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Visual Education and The Internet Camp: A Study of Underprivileged Children and Their Web Pages
Unformatted Document Text:  11 stage of the camp. Twenty-eight children participated in the survey. 9 All of them were from African American backgrounds. Seventeen girls and eleven boys filled out questionnaires. As already mentioned, they came from different educational levels. Most of the children were in middle school, but about 30% were in elementary school. Fifty percent of the children came from single-parent homes (they lived with their mother only) and 14% did not live with either their biological mother or father. One child, for example, indicated that she lived with her aunt. About 85% said they spent some time on the computer on a daily basis. Sixty percent said that they played computer games at least once a week. Almost 70% said they spent at least one hour a day on the Internet. About 30% had ever used e-mail. 70% had visited chat rooms. So, this group of children was involved with the Internet and computers at some level. The children demonstrated a rather savvy knowledge of the Internet. The children were asked, what is the Internet? Roughly 14% said that they did not know. Several children mentioned something about finding information and talking or “chatting” with people. Here are some of their quotes: 10 Χ “I think the Internet can be described as a system that you can use to find specific information and chat with different people in the world,” Χ “a way to communicate with people all over the world and a way to get information,” Χ “a place to explore and meet people and find out many different things,” Χ “a place you can go on the computer to search for something or someone,” 9 As already mentioned, the number of children at the camp fluctuated from day to day. Toward the end of the second week of the camp there were as many as 35-40 children attending. 10 In a few cases the quotes were edited for spelling and grammar.

Authors: Mullen, Lawrence.
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11
stage of the camp. Twenty-eight children participated in the survey.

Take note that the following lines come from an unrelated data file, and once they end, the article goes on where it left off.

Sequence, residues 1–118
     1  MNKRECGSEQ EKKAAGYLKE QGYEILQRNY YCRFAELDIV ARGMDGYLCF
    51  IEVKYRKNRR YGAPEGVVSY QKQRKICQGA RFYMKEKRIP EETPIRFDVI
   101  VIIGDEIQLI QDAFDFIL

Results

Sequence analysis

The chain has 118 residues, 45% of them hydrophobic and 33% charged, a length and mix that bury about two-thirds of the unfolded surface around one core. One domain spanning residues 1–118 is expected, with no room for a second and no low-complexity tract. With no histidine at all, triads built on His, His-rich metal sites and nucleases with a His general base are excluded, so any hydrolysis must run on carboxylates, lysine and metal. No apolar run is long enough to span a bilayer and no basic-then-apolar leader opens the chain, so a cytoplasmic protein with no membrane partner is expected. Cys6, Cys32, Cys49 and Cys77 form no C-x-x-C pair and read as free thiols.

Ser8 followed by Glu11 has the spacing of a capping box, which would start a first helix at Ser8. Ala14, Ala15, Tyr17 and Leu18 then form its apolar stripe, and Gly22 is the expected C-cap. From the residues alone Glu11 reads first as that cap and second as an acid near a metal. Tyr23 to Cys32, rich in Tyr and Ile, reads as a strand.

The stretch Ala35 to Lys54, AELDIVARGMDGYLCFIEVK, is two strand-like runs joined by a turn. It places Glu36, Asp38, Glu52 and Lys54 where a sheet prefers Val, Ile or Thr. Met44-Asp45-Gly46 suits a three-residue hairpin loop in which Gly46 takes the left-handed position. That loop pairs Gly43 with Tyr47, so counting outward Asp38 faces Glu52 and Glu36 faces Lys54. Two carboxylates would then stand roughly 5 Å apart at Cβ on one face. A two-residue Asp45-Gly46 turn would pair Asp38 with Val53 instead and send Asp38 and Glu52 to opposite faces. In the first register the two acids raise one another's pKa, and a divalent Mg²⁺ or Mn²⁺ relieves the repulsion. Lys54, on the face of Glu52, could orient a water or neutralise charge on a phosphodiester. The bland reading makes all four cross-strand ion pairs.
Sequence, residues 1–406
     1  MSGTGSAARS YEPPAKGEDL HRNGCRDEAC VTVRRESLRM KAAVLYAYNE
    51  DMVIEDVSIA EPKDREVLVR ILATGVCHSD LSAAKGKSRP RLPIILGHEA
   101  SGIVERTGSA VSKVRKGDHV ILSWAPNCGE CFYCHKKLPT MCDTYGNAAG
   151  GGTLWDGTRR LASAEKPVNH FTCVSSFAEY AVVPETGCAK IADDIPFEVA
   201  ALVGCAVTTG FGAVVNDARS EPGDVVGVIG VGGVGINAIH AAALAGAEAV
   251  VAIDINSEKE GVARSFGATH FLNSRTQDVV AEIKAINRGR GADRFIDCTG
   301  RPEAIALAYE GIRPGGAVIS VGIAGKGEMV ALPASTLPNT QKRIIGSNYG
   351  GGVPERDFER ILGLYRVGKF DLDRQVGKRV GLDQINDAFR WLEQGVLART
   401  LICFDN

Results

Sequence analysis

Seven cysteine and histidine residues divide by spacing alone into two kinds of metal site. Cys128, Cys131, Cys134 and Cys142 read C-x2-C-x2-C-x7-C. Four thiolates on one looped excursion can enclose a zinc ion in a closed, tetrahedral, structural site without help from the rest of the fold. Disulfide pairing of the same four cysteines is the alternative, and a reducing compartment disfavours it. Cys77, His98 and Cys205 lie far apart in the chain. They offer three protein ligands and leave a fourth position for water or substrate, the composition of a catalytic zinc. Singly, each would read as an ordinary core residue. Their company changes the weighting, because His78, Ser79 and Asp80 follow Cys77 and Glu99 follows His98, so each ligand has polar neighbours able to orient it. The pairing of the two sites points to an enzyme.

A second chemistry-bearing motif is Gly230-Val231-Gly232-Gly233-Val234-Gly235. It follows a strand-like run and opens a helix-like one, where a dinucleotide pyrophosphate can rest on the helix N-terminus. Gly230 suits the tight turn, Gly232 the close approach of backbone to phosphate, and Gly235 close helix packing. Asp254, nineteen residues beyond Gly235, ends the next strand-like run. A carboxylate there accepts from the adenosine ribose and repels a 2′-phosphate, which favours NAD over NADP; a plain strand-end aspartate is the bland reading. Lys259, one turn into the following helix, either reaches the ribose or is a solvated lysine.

9
All of them were from
African American backgrounds. Seventeen girls and eleven boys filled out questionnaires. As
already mentioned, they came from different educational levels. Most of the children were in
middle school, but about 30% were in elementary school. Fifty percent of the children came
from single-parent homes (they lived with their mother only) and 14% did not live with either
their biological mother or father. One child, for example, indicated that she lived with her aunt.
About 85% said they spent some time on the computer on a daily basis. Sixty percent
said that they played computer games at least once a week. Almost 70% said they spent at least
one hour a day on the Internet. About 30% had ever used e-mail. 70% had visited chat rooms.
So, this group of children was involved with the Internet and computers at some level.
The children demonstrated a rather savvy knowledge of the Internet. The children were
asked, what is the Internet? Roughly 14% said that they did not know. Several children
mentioned something about finding information and talking or “chatting” with people. Here are
some of their quotes:
10
Χ
“I think the Internet can be described as a system that you can use to find specific
information and chat with different people in the world,”
Χ
“a way to communicate with people all over the world and a way to get information,”
Χ
“a place to explore and meet people and find out many different things,”
Χ
“a place you can go on the computer to search for something or someone,”
9
As already mentioned, the number of children at the camp fluctuated from day to day.
Toward the end of the second week of the camp there were as many as 35-40 children attending.
10
In a few cases the quotes were edited for spelling and grammar.


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